Douglas Mudd (DM) speaks on behalf of the American Numismatic Association (ANA) and the Ancient Coin Collectors Guild (ACCG), a member organization.  DM indicates that import restrictions have negatively impacted the study of coins.  Because coins are so durable many have come down to us from ancient times. There are far too few trained archaeologists to study the numbers of coins that have been found and there is no reason to sequester them all in museums.  The most important thing that can be accomplished is to ensure they are properly recorded, something that can be achieved through programs like the UK’s Portable Antiquity Scheme.  DM also asks that import restrictions not be imposed on widely circulating Roman Imperial coins.  He further believes that the current designated list should be subject to expert review because many of the coin types currently on that list circulated in quantity outside of the confines of Bulgaria. 

                The ANA’s written comments can be found here:  (last visited June 7, 2023).

                The ACCG’s written comments can be found here: (last visited June 7, 2023).

                Louisa Greve (LG) opposes the MOU with the PRC.  The PRC is committing genocide against the Uyghurs.  CPAC should not brush aside this genocide and cultural cleansing in order to approve the renewal.  The current MOU authorizes import restrictions through the Tang period.  The PRC has sought to rewrite history through cultural cleansing to create a false narrative that Han was the dominant culture throughout what is today the PRC.  If CPAC and ECA approves this MOU, the Uyghur Human Rights Project (UYRP) will protest the decision. 

                The UYRP’s written comments can be found here: (last visited June 7, 2023).

                Peter Irwin (PI) is LG’s colleague at the UYRP.  The PRC has not worked to protect cultural heritage, but to purposefully destroy that of the Uyghurs.  Some 10,000 to 50,000 sites have been destroyed to date.  These includes mosques and up to 85% of the historic city of Kashgar. The MOU should not be extended in these circumstances.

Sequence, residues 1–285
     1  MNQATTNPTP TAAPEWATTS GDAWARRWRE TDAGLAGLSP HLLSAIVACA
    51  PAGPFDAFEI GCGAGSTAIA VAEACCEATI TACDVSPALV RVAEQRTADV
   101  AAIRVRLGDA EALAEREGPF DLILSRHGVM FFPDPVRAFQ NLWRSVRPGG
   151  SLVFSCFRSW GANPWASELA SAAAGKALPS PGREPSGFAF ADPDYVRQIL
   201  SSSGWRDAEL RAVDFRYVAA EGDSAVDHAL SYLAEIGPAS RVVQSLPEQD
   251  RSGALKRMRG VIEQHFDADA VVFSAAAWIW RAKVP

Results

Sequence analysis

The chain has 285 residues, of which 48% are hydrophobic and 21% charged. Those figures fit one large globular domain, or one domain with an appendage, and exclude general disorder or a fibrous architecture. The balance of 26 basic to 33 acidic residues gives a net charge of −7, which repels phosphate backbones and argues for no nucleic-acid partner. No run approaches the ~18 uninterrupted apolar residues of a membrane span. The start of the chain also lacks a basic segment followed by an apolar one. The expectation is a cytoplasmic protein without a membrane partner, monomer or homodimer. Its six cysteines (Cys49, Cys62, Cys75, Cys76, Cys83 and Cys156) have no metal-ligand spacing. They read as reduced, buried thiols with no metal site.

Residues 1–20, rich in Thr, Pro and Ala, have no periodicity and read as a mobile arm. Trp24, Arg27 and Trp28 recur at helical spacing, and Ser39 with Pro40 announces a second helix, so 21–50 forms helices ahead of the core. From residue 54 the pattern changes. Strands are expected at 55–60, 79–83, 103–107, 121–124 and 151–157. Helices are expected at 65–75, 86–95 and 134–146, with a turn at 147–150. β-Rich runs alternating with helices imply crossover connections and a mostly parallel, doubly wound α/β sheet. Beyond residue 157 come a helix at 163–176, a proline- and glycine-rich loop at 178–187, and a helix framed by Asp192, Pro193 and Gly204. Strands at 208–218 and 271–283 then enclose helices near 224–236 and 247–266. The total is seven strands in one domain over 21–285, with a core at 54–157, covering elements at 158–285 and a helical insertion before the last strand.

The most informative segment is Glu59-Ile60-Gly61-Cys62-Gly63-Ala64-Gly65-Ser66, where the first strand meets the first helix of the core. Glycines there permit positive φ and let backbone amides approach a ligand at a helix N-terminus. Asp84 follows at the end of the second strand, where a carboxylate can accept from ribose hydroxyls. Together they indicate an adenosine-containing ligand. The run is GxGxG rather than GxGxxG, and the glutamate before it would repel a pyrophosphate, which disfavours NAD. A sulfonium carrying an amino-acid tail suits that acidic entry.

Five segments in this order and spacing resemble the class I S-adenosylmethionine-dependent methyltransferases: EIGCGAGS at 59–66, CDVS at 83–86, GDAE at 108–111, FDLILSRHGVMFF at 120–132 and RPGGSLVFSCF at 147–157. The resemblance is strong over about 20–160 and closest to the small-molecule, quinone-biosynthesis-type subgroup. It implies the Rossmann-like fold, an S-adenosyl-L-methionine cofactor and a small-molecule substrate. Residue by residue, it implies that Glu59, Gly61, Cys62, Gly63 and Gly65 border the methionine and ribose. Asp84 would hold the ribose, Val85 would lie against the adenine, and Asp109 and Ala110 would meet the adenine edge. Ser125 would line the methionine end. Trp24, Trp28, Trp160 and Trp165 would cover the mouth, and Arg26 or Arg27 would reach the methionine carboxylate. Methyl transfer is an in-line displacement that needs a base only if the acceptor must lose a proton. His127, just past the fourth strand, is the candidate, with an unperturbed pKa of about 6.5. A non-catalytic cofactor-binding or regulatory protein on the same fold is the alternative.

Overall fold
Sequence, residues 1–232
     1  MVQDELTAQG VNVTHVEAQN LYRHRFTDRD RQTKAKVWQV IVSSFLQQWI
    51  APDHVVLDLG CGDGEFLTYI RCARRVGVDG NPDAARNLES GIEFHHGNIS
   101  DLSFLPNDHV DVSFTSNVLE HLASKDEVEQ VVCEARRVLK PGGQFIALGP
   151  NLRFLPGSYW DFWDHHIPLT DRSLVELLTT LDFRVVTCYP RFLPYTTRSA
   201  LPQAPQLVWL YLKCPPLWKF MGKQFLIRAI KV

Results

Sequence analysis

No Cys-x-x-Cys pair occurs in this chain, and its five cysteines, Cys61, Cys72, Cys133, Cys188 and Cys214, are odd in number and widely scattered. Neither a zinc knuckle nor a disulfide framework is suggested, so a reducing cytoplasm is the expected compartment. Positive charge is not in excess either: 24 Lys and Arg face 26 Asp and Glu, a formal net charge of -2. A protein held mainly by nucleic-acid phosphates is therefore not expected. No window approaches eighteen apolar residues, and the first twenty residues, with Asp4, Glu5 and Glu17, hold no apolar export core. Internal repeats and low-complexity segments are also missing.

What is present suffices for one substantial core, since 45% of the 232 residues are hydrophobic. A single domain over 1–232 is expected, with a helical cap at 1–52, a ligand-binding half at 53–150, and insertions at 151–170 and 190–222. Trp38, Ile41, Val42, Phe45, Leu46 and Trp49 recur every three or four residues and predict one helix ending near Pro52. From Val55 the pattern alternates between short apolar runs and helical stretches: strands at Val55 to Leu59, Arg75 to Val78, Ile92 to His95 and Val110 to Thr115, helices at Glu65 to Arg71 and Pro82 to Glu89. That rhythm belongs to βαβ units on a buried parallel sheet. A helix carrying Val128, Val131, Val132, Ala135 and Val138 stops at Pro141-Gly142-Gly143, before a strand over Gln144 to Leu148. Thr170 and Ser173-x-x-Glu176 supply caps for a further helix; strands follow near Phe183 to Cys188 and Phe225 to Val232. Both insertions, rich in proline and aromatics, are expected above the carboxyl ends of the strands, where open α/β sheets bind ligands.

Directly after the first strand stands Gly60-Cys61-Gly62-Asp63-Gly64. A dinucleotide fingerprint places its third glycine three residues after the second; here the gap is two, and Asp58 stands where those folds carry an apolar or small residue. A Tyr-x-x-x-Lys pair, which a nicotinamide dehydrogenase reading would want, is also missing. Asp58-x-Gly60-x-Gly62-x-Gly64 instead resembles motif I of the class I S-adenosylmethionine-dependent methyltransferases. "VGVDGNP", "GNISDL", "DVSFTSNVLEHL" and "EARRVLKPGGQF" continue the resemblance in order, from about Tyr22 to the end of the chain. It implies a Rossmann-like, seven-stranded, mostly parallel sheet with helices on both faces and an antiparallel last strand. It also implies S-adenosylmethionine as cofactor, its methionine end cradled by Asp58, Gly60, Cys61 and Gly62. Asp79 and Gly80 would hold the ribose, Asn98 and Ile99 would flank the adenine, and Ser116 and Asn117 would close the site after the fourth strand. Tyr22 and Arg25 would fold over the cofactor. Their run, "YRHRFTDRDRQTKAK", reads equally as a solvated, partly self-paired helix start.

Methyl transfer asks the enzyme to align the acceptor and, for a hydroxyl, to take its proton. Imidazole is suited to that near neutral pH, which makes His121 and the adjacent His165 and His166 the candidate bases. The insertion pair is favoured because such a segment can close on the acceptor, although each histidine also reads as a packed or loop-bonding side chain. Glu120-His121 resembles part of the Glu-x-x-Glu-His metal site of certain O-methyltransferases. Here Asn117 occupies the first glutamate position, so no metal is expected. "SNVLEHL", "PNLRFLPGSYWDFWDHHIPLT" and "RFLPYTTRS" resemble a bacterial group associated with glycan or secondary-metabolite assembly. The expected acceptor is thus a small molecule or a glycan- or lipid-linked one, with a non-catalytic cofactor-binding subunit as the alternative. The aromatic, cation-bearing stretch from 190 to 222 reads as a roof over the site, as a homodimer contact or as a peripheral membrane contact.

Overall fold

Josh Knerly (JK) stated the Association of Art Museum Directors (AAMD) supports the extension of the MOU with the PRC contingent on Article II being modified to provide for multi-year museum loans with more significant objects and the PRC granting immunity from seizure for art sent there for display from the US.  The 2019 MOU dropped any meaningful requirements regarding loans.  Multi-year loans are necessary to make it cost effective to bring exhibits to the US.  Only multi-year loans allow museums to share the substantial costs involved. Another issue is US tariffs of 7.5% on Chinese art, which make it impossible for US museums to purchase Chinese art internationally.  Such tariffs give Chinese museums, dealers and collectors a competitive advantage compared to their American counterparts. 

                CPAC member Susan Schoenfeld Harrington asks JK if the MOU provides an opportunity for cultural exchange with the PRC.  JK indicates for this to happen, the PRC needs to change its policies on long term loans and immunity from seizure.

                The AAMD’s written comments can be found here: (last visited June 7, 2023).

                Dr. Rowan Flad (RF) indicates that the PRC has undertaken significant self-help measures to protect its own cultural patrimony.  A database of cultural heritage has been established.  There is active collaboration with American archaeologists. 

                RF’s written testimony may be found here: (last visited June 7, 2023).

                Dr. Anne Underhill (AU) states that the PRC has met its obligations under the MOU.  It has protected archaeological sites from looting.  One innovative program has used drones to monitor a site for looting.  Another development is an increase in “indoor excavations,” for which entire depositional matrices are transported to covered labs for careful excavation in safe conditions.  In 2020, 4,200 crimes were investigated, involving 9,700 individuals. Some 93,000 artifacts were recovered.  Access to museums has improved.

                AU’s written comments can be found here:  (last visited June 7, 2023).

                Dr. Rian Thum (RT) indicates that he could not make policy determinations, but he could state facts.  It is an unassailable fact that the PRC has failed to take measures consistent with the UNESCO Convention to protect its cultural patrimony.   It has demolished large parts of the Silk Road city of Kashgar.  It has recently bulldozed two very important Uyghur shrines, and any archaeological artifacts beneath them.  Another target is books.  Initially PRC authorities enforced a “blacklist” of forbidden books.  Now, however, that has been replaced with a “whitelist” which deems any book not explicitly permitted to be forbidden.  This has led to the confiscation and destruction of countless books, some of which are otherwise unknown to scholarship.  It has also prompted some Uyghurs to burn their own books in an effort to avoid being sent to concentration camps.  As was discussed regarding Bulgaria, modern boundaries don’t always correspond with ancient ones.  The same is also true with the status of the Uyghur region in the PRC.  RT observes all of the PRC’s achievements prior speakers associated with archaeological advocacy groups praised relate solely to the study of the PRC’s Han culture. These studies feed the PRC’s narrative.  The PRC seeks to rewrite history to make it appear that Han culture was always the dominant culture in the Uyghur areas.  RT expresses disappointment that his colleagues are unwilling to acknowledge the PRC’s intentional destruction of Uyghur cultural heritage for political purposes.